Rene Marie | Theater Critic's Choice | Chicago Reader

Rene Marie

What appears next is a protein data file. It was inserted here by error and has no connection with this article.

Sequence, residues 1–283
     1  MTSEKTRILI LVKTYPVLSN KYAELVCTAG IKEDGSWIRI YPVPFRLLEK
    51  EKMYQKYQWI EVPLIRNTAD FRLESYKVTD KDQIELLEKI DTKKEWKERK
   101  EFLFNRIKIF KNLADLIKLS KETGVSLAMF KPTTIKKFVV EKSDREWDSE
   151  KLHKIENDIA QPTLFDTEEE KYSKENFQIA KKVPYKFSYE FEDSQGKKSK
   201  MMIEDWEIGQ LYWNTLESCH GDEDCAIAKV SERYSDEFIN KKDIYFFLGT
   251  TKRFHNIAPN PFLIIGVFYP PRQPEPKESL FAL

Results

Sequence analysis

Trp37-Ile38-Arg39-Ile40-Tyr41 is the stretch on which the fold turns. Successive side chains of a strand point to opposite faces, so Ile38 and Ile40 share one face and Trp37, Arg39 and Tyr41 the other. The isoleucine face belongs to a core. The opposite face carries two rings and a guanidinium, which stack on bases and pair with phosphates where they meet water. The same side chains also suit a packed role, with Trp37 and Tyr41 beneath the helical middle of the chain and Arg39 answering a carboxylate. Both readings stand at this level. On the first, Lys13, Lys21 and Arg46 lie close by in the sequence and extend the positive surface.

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Rene Marie didn't start singing in clubs till 1996, at the age of 41, but just two years later she made the happy decision to leave her job as a bank teller to concentrate on music. She has superb tools and the fearlessness to use them for experiment rather than mere recreation. Her voice has a light, translucent timbre, tight intonation, and a giant emotional range that allows her to cover spirituals and Cole Porter with equal credibility. But what really sets her apart is her compelling and inventive command of rhythm, which she probably owes to the unusual training regimen she developed as a working mother. After putting her kids to bed, she'd listen intently to the music of legends like Sarah Vaughan and Ella Fitzgerald, record herself imitating their phrasing (even their breathing), and then vet the tapes the following day. What a payoff: her 2000 debut, How Can I Keep From Singing?, turned heads, as did the 2002 follow-up, Vertigo. But it was last year's Live at Jazz Standard (Maxjazz) that proved Marie to be a true jazzwoman: impulsive, risk-taking, able to take her material further live than in the studio. She writes, too--clever melodies with smart lyrics that strive for detail rather than settling for easy rhymes and well-worn imagery. Onstage she's a commoner queen who engages her audience on an intimate level while retaining a regal musical bearing, a stance that also distinguished Vaughan, Dinah Washington, and Nina Simone. Friday and Saturday, April 23 and 24, 9 and 11 PM, and Sunday, April 25, 4, 8, and 10 PM, Jazz Showcase, 59 W. Grand; 312-670-2473.

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